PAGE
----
|Name Sarah Phelps|
|Shows Oliver Twist|
|Plays Modern Dance for Beginners|
Movies Fresh Guacamole, Western Spaghetti, Roof Sex, KaBoom!, Game Over
Bbc writersroom sarah phelps interview
Sarah Phelps is a British television, radio, film and freelance playwright and producer. She is best known for her work on EastEnders, a number of BBC serial adaptations including Agatha Christie's The Witness For the Prosecution and And Then There Were None, Charles Dickens's Great Expectations and Oliver Twist, JK Rowling's The Casual Vacancy and work with the Royal Shakespeare Company. Phelps also wrote for the World Service Soap opera Westway before joining the BBC in 2002.
- Bbc writersroom sarah phelps interview
- Bbc writersroom interviews sarah phelps at our tv drama writers festival 2016
Phelps has written over 50 episodes of EastEnders, including the return of Den Watts and his final demise, less than two years later, when he was killed by his wife, Chrissie. A journalist for the British tabloid The Daily Mirror described her as "Enders' best writer". She has written more than 40 episodes of Westway, which won Best Soap Award at the Commission for Racial Equality's Race in the Media Awards (RIMA). She wrote the screenplay for the BBC's 2011 Christmas costume drama adaptation Great Expectations and the drama series The Crimson Field.
In 2015, a television adaptation of J.K. Rowling's The Casual Vacancy was written by Phelps. In the same year, her adaptation of Agatha Christie's And Then There Were None was broadcast.
Reviewing the latter for The Daily Telegraph, Tim Martin found that, "The final episode of this bloody adaptation by Sarah Phelps did splendid justice to Christie's lightless universe, presenting an isolated mansion full of leaking corpses, in which the characters – quite understandably – freaked out in ways that no previous adaptation has countenanced." Martin went on to note, "All this couldn't have been further from the teasing restraint of classic adaptations such as René Clair's celebrated Hollywood version from 1945. But Phelps's version felt closer both to the cruelty of Christie's original and to its dramatic intentions. Clair chose to sacrifice the book's murder-suicide conclusion in favour of a romantic clinch, while Christie herself had already ditched it for her stage adaptation in 1943. Phelps kept it in, and this brave decision allowed her adaptation to preserve its cheerless emotional contract with the viewer ... [C]lassily photographed in low light, moonlight and candlelight, and with strong performances from the weighty ensemble cast throughout, it made a strong case for Phelps (best known for her TV adaptations of Oliver Twist and Great Expectations) to be put on seasonal murder duty at the BBC every year."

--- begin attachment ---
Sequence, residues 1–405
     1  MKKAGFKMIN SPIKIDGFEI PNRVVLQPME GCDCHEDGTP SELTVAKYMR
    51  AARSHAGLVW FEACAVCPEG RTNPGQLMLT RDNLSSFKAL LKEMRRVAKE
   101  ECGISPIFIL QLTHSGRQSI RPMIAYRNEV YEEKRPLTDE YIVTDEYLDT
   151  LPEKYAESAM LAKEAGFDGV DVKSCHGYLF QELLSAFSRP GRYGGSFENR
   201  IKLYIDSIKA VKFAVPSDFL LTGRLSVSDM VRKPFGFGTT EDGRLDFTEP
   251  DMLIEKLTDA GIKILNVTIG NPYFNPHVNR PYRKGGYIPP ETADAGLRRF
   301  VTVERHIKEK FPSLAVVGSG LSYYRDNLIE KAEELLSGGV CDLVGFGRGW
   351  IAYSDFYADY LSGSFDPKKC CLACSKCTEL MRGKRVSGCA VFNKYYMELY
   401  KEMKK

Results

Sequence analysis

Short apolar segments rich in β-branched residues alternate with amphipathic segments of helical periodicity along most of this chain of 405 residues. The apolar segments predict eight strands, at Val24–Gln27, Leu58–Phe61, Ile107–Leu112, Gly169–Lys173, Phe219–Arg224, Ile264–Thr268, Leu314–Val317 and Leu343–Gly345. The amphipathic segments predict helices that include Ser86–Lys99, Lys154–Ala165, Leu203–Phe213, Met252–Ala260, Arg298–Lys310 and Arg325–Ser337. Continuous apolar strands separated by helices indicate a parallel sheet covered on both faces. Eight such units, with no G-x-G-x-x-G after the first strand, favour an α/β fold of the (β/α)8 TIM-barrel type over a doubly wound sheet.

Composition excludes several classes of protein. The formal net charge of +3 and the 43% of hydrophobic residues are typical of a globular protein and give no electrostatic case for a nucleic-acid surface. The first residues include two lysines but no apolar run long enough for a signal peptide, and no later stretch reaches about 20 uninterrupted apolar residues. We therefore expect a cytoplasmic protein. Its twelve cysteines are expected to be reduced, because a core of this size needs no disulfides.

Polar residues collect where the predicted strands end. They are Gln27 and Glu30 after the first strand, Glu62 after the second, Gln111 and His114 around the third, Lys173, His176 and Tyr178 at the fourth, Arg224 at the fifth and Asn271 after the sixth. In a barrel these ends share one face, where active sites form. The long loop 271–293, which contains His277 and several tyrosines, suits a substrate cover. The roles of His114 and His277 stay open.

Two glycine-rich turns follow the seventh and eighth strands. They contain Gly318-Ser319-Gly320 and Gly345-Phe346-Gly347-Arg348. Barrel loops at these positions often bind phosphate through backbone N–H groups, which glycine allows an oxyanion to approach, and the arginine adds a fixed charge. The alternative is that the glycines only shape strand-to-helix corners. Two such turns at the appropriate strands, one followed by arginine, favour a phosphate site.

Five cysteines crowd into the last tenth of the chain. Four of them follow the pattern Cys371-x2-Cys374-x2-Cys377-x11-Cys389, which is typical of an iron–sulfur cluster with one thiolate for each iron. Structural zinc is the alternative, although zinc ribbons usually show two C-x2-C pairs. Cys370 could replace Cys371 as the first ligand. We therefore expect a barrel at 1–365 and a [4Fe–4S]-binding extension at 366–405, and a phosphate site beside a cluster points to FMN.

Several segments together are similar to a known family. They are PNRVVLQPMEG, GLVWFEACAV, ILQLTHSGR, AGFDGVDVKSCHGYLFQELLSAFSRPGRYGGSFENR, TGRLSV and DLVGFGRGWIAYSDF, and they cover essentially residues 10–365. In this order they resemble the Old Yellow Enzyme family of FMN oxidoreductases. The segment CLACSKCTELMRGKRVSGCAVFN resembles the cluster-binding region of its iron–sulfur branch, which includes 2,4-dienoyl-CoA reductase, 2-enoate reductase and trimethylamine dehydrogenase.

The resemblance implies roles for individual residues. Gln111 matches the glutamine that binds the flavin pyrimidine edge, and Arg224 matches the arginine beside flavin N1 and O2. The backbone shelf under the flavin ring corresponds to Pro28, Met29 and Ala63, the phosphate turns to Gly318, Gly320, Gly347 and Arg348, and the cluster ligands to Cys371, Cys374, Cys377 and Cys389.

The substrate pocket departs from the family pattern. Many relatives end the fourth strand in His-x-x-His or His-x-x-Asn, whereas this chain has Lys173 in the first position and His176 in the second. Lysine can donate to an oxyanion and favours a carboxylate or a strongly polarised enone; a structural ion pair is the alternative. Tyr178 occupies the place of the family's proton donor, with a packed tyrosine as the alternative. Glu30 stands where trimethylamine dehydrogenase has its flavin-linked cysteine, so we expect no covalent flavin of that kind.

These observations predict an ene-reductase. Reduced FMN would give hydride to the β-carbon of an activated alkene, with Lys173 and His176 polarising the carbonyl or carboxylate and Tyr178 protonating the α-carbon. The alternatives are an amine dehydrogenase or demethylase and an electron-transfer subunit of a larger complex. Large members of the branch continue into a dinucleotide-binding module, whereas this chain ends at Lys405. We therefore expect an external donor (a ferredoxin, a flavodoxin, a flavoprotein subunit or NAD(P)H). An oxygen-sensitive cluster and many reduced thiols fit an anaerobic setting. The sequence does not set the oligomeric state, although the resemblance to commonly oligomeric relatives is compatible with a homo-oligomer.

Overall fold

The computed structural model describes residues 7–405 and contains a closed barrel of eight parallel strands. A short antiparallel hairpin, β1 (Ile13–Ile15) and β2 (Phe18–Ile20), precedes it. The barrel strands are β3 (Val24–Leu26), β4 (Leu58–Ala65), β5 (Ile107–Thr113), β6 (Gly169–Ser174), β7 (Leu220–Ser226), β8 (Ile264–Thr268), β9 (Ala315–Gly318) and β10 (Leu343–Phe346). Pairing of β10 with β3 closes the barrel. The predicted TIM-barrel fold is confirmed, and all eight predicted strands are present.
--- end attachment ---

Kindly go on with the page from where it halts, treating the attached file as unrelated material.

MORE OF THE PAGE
Phelps' radio work includes Vital Signs II, Cardamom, The Collected Works of Billy the Kid and The Compass Rose: A Tattoo Lexicon. Her theatre projects include Tube, Angela Carter, The Subtle Art of Boiling Lobsters, Amaretti Angels and Modern Dance for Beginners.